Ms Regan Ballantine, mother of 17-year-old Wesley who was killed on January 4, 2017, welcomed the commitment. She called on detractors to "examine their own conscience" when opposing the move, and said the legislation sent a necessary message to the industry about the gravity of their responsibility to protect human life. Her son was working as a steel fabricator for Industrial Construction Services on night shift at 4.30am installing a glass ceiling when he fell through a void. He was rushed to Royal Perth Hospital but later died. Earlier this month, site contractors Valmont pleaded guilty to failing to ensure subcontractors were not exposed to hazards on site and was fined just $38,000 in the Perth Magistrates Court.
Unions WA secretary Meredith Hammat said the measures would "save lives and prevent injuries" but came too late for families like the Ballantine's.
Not surprisingly, WA's peak industry and business bodies have slammed the Premier's decision, saying they won't prevent workplace deaths and will damage industry instead. WA Chamber of Commerce and Industry chief executive Chris Rodwell said the laws would "distract the government" from tackling safety concerns and called on the opposition to oppose the proposal.
Read more: Labor to introduce industrial manslaughter laws in workplace safety overhaul and WA's peak industry bodies slam McGowan's industrial manslaughter laws The West Australian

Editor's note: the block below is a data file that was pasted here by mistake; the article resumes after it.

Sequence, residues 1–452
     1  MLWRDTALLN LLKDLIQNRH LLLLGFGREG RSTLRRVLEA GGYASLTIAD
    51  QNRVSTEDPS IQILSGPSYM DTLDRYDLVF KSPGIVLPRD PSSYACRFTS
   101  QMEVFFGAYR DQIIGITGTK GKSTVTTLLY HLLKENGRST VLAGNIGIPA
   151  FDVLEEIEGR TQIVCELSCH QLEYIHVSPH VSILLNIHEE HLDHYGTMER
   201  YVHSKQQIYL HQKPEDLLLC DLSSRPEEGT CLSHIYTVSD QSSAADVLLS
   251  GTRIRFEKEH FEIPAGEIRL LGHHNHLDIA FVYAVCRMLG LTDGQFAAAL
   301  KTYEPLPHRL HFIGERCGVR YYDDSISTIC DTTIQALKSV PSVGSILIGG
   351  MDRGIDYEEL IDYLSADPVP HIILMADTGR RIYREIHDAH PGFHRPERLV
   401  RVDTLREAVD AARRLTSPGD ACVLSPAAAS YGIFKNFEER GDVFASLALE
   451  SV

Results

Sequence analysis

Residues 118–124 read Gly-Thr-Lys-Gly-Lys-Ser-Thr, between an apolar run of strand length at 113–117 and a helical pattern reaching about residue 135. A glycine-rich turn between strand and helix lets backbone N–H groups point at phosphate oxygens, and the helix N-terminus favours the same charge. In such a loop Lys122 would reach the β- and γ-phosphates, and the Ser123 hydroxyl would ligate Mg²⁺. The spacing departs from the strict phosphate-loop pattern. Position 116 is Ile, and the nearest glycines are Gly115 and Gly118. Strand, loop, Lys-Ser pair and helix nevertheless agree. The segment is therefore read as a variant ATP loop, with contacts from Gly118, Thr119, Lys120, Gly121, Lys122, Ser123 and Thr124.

NT: Unions call for Industrial manslaughter laws as worker confirmed dead
A 59 year old worker who was buried on Saturday afternoon under a collapsed wall of dirt and rock at the Bootu Creek mine in the Northern Territory has since died.
Unions in the Territory are now calling for industrial manslaughter laws to be implemented and for workplace culture to be shifted to prioritise worker safety. CFMMEU NT organiser Kane Louth said that current and former Bootu Creek mine workers have contacted the union with concerns about the mine. "They're making allegations that similar slips have occurred recently, not dissimilar to the one that occurred on Saturday that took this gentleman's life," he said. "If that's the case we want to know one, what the company's done, and what the NT WorkSafe has done to make that right." The CFMMEU would seek an urgent meeting with NT WorkSafe once its investigation at the site was complete.
In a statement released on Monday, Singapore-based OM Holdings Ltd — which owns subsidiary OM (Manganese) Ltd (OMM), which runs the Bootu Creek mine 110 kilometres north of Tennant Creek — confirmed the death. "All operations at the mine were halted, subsequently certain operations have re-started. All employees are offered access to counselling services," the statement said. In fact, OMM was directed to cease in-pit operations immediately, according to a statement issued by Primary Industry and Resources Minister Paul Kirby. Read more: ABC online